Group 5 – The actor wore a University of Pittsburg t-shirt. In Pittsburg, Pennsylvania this is the archrival of Carnegie Mellon University. They are the Ateneo-La Salle in that area. J So the actor did the same thing he did in Group 3 – he stood up to claim that he finished everything correctly in 60 seconds, something that was impossible to accomplish. Let’s call this group the Unmonitored, with Outsider Influencer.


Here are the interesting results: In Group 3, 25% of the students followed suit submitting and claiming their payment in a few seconds. In fact, the average number of correct answers was 114% higher than the control group, signifying that the cheating was even higher compared to Group 2. So there is more at play than the SMORC here.


Guess what happened in Group 5? Only 3.6% copied the actor’s behavior. In fact, this group’s average number of correct answers was the lowest among the three unmonitored groups, signifying the least amount of cheating among them. The rival school’s t-shirt served as an antidote to cheating to the participants despite zero chances of getting caught and other negative consequences.


And here’s an interesting result: In Group 4, the average number of correct answers was just a little more than Group 5. This means that if the cheating is pointed out, we are reminded of our values and most of us will not cheat or at least temper the cheating, even if chances of getting caught is zero.


Results from the experiment “Contagion and Differentiation in Unethical Behavior: The Effect of One Bad Apple on the Barrel,” Psychological Science by Francesca Gino, Shahar Ayal and Dan Ariely
Results from the experiment “Contagion and Differentiation in Unethical Behavior: The Effect of One Bad Apple on the Barrel,” Psychological Science by Francesca Gino, Shahar Ayal and Dan Ariely.

The above results show how much we are influenced by our community and circumstances. If the misbehavior comes from someone we identify with, we are most likely to follow suit. But if the behavior comes from an outsider, especially someone we don’t agree with, we tend to do the opposite. But a mere reminder of our values can also make us do the right thing even if there are no chances of getting caught.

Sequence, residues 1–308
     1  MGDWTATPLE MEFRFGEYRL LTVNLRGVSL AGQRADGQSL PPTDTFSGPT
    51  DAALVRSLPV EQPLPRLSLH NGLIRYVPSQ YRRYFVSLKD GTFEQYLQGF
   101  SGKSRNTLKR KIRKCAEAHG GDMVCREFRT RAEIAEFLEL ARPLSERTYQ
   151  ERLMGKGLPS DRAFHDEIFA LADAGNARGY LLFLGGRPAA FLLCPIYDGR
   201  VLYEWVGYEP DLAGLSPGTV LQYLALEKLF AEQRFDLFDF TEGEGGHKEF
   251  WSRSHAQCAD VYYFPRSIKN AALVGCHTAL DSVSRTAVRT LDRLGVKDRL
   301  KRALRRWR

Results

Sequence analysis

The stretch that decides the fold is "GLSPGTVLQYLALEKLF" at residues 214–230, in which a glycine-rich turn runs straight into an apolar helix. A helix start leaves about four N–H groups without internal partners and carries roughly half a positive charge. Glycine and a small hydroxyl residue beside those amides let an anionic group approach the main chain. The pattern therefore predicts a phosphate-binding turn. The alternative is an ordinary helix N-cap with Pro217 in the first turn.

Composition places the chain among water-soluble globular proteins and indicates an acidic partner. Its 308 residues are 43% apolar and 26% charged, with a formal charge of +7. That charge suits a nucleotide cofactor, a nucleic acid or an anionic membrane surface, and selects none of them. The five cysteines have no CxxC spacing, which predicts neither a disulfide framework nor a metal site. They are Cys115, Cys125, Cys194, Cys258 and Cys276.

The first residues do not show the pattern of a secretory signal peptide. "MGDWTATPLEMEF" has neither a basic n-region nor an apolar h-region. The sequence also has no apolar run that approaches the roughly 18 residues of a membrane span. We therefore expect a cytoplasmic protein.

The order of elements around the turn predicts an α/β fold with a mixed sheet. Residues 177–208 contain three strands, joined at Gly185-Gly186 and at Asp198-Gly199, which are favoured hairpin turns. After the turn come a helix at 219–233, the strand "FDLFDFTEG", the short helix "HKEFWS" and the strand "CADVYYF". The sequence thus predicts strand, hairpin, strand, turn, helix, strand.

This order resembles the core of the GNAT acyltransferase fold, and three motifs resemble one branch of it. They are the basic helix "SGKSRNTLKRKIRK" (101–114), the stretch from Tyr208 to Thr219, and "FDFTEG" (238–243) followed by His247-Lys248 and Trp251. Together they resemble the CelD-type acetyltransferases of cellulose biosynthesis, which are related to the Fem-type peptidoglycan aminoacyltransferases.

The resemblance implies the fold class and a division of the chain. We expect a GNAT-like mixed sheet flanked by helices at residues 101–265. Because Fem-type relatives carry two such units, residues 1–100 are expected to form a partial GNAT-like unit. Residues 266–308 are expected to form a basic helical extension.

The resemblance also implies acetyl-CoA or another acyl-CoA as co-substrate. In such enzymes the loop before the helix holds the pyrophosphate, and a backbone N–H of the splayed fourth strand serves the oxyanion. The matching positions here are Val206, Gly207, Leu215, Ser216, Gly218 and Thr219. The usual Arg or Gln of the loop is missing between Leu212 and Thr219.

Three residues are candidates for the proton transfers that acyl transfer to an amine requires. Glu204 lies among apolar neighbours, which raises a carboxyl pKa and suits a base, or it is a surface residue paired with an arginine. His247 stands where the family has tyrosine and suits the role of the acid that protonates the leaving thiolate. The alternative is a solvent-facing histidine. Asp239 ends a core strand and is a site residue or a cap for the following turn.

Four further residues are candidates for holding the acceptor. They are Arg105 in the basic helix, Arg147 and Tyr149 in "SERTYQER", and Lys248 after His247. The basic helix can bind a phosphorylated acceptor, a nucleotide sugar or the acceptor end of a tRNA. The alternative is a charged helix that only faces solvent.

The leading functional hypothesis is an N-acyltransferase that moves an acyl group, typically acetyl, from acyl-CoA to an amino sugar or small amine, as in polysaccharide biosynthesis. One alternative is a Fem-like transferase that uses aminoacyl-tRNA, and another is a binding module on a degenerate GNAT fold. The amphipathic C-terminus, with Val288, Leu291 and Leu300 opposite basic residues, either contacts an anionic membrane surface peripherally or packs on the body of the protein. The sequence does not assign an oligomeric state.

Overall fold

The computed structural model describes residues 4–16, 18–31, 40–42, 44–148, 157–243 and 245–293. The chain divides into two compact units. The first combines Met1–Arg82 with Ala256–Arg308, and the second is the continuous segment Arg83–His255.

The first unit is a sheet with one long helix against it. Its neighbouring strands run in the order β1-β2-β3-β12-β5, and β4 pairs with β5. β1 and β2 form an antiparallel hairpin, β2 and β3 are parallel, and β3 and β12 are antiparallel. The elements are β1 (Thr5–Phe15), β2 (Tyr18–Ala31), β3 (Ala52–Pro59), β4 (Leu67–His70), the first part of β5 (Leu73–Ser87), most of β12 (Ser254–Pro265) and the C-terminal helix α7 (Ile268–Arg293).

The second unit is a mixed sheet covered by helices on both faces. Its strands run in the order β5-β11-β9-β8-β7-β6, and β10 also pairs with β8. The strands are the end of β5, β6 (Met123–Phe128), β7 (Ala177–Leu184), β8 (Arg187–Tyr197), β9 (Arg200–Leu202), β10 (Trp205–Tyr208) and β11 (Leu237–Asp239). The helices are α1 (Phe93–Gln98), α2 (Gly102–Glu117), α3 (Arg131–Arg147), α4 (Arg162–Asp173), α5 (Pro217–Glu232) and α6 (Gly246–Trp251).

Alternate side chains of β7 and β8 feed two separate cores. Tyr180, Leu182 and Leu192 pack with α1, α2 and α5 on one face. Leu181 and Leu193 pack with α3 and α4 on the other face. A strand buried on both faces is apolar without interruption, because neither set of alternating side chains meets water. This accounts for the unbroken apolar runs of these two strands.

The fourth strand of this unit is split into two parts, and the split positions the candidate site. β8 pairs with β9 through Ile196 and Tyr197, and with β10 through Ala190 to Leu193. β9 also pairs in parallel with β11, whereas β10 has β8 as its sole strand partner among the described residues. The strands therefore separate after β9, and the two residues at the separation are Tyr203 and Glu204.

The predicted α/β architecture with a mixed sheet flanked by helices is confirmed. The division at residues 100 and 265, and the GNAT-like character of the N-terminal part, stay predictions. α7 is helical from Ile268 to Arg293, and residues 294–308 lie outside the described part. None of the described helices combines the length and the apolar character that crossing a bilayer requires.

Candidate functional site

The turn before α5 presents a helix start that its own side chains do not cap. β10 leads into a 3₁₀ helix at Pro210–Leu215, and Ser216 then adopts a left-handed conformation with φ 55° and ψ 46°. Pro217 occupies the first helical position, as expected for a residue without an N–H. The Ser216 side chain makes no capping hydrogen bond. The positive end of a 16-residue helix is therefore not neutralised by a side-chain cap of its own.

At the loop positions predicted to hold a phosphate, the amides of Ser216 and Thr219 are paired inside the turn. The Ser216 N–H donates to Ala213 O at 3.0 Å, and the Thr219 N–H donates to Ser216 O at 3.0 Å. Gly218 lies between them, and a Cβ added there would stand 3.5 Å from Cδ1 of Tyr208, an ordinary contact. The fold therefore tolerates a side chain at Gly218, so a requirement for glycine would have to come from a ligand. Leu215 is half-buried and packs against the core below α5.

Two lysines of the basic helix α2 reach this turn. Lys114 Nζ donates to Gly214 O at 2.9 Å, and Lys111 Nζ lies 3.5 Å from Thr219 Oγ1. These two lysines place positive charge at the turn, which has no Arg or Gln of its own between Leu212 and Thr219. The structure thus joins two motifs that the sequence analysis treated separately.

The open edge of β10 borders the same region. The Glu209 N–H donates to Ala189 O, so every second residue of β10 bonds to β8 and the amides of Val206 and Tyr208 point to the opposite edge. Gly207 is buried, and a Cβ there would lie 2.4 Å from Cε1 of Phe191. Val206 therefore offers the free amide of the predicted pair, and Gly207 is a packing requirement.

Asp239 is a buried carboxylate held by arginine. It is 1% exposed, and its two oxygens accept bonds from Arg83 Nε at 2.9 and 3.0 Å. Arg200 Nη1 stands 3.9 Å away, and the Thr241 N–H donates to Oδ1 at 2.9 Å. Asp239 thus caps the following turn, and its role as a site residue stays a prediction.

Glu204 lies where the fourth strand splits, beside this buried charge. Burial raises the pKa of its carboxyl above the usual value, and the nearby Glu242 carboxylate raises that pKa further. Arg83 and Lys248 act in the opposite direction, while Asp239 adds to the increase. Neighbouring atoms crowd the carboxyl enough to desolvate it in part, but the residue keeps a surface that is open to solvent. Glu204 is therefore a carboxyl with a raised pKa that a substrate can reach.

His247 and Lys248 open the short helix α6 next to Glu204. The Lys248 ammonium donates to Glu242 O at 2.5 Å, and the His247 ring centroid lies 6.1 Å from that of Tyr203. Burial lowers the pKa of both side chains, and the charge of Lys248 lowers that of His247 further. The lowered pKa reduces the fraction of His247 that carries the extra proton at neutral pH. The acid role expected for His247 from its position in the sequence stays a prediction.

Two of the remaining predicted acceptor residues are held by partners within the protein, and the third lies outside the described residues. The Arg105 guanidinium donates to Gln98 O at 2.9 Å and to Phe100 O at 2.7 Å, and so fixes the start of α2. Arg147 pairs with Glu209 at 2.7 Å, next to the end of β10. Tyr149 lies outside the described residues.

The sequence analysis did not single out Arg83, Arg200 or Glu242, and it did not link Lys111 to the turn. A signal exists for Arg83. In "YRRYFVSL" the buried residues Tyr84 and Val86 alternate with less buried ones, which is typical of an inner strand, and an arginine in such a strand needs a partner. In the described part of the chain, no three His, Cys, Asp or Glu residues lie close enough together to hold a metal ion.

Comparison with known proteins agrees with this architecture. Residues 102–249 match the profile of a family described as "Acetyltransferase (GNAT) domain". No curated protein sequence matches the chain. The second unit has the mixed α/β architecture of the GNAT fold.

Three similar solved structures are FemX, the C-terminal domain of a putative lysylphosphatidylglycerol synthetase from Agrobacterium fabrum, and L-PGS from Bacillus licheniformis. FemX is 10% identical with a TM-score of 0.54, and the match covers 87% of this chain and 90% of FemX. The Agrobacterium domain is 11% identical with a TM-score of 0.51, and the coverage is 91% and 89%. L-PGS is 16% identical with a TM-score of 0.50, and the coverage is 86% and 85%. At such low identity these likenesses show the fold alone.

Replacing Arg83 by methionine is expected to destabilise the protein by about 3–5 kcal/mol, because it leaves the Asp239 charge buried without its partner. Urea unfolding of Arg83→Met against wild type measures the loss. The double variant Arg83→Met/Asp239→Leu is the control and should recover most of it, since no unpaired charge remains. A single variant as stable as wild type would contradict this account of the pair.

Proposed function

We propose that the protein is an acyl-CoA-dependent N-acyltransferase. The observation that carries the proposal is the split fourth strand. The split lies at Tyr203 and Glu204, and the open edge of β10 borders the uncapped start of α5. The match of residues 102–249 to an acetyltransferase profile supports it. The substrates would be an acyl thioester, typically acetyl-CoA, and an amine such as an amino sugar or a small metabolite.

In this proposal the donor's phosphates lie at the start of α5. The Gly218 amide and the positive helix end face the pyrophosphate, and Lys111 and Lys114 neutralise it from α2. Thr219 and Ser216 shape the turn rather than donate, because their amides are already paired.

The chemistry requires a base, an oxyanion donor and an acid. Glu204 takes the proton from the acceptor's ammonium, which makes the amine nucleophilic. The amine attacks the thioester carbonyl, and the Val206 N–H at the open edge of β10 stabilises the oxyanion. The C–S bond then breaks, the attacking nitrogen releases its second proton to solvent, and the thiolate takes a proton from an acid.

So let’s pause and reflect. Who is our community? Who do we identify with? Who do we have opposing values with? How are we affected by their behavior? More importantly, who do we influence with our own behavior? In your office, do you freely take home supplies in full view of your officemates? When you watch basketball games such as the recently concluded UAAP finals, do you curse the rival team and flash your dirty finger? At home, do your children see that you treat your spouse and other family members with love and respect? Do you point out wrongdoings to remind family members about values? Do your children always hear you say, “Wala na naman akong pera!” making it an acceptable thing to always run out of money?


Remember, we affect each other’s behavior. Inasmuch as bad behavior is contagious, the same goes for good behavior. So let’s practice more of the good – amplify them, share them in the hope of causing positive behavior contagion to combat the negative ones. wallet-icon





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Rose Fres Fausto is a speaker and author of bestselling books Raising Pinoy Boys and The Retelling of The Richest Man in Babylon (English and Filipino versions). Click this link to read samples – Books of FQ Mom Rose. She is a Behavioral Economist, Certified Gallup Strengths Coach and the grand prize winner of the first Sinag Financial Literacy Digital Journalism Awards. Follow her on Facebook and You Tube as FQ Mom, and Twitter & Instagram as theFQMom.


ATTRIBUTIONS: Images from Rappler, Twitter,, The LaSallian Instagram, Mycutegraphics and Thabto WordPress were used to help deliver the message of the article. The experiment discussed is by Dan Ariely, Francesca Gino, Shahar Ayal as discussed in the book The Honest Truth About Dishonesty (Published by HarperCollins in NYC, USA. 2012)